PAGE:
Pacific Gas & Electric on Monday agreed to pay $55 million in fines and costs to settle civil cases brought by plaintiffs over wildfires in six Northern California counties.
The agreement allows PG&E to avoid criminal prosecution for causing last year’s Dixie Fire — the second largest fire in California history — and the Kinkade fire in 2019. The settlement includes tens of millions of dollars in payments to local organizations, schools and government agencies, and will fund an independent safety monitor for five years of sentencing. civil.
Prosecutors said they filed a civil lawsuit against PG&E to gain more benefits for victims than criminal prosecution would allow. The maximum criminal fines for the Dixie Fire — which burned 963,000 acres and destroyed more than 1,300 buildings in Butte, Plumas, Lassen, Shasta, and Tihama counties — totaled $329,417.
“This settlement avoids bankruptcy and excessive delays for homeowners and renters in the Dixie fires – particularly those without insurance,” Butte County District Attorney Michael L. Ramsey said in a statement.
Investigators determined that a tree came into contact with PG&E power lines near Cresta Dam, about 100 miles north of Sacramento, starting the fire.
The Kinkade Fire burned nearly 78,000 acres in Sonoma County, injuring four people and destroying 374 buildings. In December, state regulators fined PG&E $125 million in connection with the fire.
“Although criminal charges have been dismissed, the level of punishment and oversight provided by this ruling is greater than what can be achieved against a corporation in criminal court,” Sonoma County District Attorney Gil Ravic said.
Ms. Ravic said the decision to reach a settlement also resulted from the failure of state lawmakers to pass laws to increase penalties for companies found to be in breach of the law. She added that the state’s attorney general, Rob Ponta, refused to file any legal action against PG&E.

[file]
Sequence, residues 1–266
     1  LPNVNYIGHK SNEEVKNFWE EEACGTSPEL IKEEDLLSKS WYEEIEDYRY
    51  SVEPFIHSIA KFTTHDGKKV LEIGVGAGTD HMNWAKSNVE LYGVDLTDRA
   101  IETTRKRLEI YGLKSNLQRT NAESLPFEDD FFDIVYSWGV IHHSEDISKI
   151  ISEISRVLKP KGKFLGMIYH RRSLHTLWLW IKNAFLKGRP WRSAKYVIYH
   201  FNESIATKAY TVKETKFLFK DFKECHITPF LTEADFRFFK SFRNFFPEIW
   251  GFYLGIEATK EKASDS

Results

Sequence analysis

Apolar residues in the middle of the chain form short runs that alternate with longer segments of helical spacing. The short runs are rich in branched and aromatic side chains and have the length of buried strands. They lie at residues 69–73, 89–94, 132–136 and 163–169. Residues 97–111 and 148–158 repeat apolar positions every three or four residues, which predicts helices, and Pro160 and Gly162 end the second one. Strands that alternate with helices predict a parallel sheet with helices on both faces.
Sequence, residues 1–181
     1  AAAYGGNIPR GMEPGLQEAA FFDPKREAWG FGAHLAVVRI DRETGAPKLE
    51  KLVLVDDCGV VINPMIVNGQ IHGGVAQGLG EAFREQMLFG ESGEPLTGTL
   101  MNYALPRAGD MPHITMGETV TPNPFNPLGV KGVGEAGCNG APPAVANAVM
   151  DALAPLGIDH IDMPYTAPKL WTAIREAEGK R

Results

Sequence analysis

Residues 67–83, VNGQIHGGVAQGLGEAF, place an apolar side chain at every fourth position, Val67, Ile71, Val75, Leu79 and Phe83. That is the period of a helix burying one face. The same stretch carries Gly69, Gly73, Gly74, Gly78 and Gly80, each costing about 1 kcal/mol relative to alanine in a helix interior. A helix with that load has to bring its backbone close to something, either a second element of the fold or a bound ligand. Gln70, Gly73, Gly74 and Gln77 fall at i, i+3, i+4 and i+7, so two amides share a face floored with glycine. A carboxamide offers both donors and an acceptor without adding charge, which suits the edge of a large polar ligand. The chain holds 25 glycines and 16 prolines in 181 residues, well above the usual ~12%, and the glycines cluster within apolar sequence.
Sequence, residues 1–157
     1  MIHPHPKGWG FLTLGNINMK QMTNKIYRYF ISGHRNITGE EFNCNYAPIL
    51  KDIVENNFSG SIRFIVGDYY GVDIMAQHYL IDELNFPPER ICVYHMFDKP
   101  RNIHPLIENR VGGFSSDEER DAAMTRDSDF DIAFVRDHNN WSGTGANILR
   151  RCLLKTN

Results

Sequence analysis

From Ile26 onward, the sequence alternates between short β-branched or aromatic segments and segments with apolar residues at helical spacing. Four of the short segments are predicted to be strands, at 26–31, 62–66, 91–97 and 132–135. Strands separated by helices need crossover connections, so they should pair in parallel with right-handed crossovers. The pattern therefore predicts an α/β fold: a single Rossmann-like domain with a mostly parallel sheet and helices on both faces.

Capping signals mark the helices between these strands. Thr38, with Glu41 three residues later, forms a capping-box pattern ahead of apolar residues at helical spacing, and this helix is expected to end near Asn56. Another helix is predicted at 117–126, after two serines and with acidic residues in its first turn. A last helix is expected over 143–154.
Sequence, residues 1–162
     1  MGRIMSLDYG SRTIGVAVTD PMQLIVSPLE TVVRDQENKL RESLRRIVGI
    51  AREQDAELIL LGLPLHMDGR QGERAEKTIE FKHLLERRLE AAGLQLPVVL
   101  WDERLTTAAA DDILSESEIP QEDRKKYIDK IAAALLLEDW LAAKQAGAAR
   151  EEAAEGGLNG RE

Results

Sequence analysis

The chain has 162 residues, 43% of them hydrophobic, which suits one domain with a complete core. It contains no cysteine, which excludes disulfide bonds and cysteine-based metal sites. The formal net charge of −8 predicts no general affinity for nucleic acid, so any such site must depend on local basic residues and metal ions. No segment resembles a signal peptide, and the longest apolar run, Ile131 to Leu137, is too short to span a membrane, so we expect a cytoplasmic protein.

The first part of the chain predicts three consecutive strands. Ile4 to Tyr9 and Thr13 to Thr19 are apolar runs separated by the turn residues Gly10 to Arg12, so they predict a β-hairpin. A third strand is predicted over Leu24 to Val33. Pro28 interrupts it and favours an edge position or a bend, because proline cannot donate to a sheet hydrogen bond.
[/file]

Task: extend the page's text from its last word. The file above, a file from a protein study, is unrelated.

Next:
Mr. Ponta did not immediately respond to a request for comment.
PG&E said it is working to increase accountability and transparency to the public, which the settlement will continue to help improve.
Patricia K. said: Bob, CEO of PG&E Corporation: “We are committed to doing our part, and we look forward to a long-term partnership with these communities to make it right and make it safe.”
The settlement did not include the Zogg Fire, which killed four people, set more than 56,000 acres and destroyed 204 buildings in Shasta County in the fall of 2020. In this case, PG&E faces felonies and felonies, including manslaughter.
Federal and state prosecutors have previously won convictions and guilty pleas against PG&E related to gas pipeline explosions and wildfires. PG&E’s felonies include 84 counts of premeditated murder that resulted from the camp fire that devastated Paradise Town in 2018.
The campfire and several other wildfires dating back to 2015 led PG&E to file for bankruptcy protection after the company raised $30 billion in liability for the wildfires. The tool emerged from bankruptcy in July 2020.
The facility has proposed spending billions of dollars on underground transmission lines to help prevent its equipment from causing fires.